Researcher Michael Flynn from the NASA Ames Research Center described the technology they’ve developed to help astronauts survive for long space flights while reusing all water. Their latest technology combines forward and reverse osmosis treatment. The agency installed the water reuse system they designed inside their building in order to conduct long-term testing. They quickly found out double plumbing was one of the large cost factors for onsite reuse. “Don’t do double plumbing,” warned Mr. Flynn. “A system inside our building included the greywater system for $50,000 and dual plumbing cost $300,000.”

The Ames Research Center sells several different reuse systems to federal agencies and the military in the 1-600 gallon per hour range. A key feature of the Ames system is their fail-safe design. Multiple, redundant back-ups ensure the system only produces clean drinking water. If there’s a failure, the system will not produce water. Mr. Flynn felt it was important to produce potable water at all times and if there is a failure ensure the system does not produce water in order to protect human health.

What’s Next

During the discussion about balancing centralized and decentralized systems, panel moderator Laura Shenkar, CEO of the Artemis Project, called on audience members to show leadership on these issues.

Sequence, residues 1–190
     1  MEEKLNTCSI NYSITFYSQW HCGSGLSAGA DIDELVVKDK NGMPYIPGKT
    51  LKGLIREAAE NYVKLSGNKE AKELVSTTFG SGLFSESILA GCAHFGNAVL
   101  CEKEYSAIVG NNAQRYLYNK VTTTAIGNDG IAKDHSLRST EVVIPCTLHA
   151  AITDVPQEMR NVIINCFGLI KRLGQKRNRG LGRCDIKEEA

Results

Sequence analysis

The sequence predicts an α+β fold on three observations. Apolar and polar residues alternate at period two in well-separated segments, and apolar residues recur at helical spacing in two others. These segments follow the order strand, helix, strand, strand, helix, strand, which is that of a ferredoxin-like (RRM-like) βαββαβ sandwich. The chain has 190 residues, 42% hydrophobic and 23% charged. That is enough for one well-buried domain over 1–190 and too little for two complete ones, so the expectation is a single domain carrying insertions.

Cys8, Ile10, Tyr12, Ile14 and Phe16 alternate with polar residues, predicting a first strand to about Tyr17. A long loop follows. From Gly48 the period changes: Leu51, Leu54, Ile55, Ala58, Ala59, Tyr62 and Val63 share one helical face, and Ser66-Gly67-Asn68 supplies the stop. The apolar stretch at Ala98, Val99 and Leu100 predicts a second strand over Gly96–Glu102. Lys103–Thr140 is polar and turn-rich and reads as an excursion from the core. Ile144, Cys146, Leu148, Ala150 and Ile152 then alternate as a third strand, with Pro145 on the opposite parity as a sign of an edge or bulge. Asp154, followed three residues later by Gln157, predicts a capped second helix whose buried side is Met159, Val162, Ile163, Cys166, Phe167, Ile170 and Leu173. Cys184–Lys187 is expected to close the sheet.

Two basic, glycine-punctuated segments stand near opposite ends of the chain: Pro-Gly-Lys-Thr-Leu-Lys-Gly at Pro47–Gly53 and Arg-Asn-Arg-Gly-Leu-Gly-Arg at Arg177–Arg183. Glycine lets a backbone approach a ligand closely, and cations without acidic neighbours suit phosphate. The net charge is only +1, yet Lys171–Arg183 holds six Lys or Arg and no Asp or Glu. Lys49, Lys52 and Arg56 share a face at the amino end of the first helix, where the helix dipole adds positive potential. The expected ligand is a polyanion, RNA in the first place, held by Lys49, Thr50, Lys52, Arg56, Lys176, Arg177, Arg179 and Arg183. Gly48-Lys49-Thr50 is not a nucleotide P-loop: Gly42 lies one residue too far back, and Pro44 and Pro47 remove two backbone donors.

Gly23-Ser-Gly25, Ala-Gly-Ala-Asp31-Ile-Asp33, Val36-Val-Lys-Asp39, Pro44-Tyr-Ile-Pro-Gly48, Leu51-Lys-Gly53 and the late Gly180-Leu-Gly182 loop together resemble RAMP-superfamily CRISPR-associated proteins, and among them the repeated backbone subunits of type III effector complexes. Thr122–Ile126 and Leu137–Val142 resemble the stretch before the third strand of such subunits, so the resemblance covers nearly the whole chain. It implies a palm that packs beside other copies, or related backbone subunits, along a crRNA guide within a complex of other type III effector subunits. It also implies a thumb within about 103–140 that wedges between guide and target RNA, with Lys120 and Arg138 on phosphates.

“This is where leadership is needed. There will be wins, losses and change. Where can we create something that is going to work for the community?” Ms. Shenkar said. The Artemis Project provides strategic consulting to start-up water technology companies.

Zach F. Gallagher, Vice President of Natural Systems Utilities, said both centralized and decentralized systems can prosper together in the future. “How can we both coexist and both benefit,” Mr Gallagher asked. “The New York Department of Environmental Protection says their old infrastructure has too much flow which leads to sewage overflows, so onsite reuse helps them.” Natural Systems Utilities designs, installs and operates reuse systems for buildings and neighborhoods, including managing the systems inside the Battery Park buildings in New York City.

What do you think? What will the future of centralized and decentralized look like from where you stand? Are there already onsite reuse systems in your community? Let us know in the comments section below…

Resources:

About the Author

Megan Barillo

Support great stories about water professionals & projects. Join CWEA

Leave a Reply

Your email address will not be published. Required fields are marked *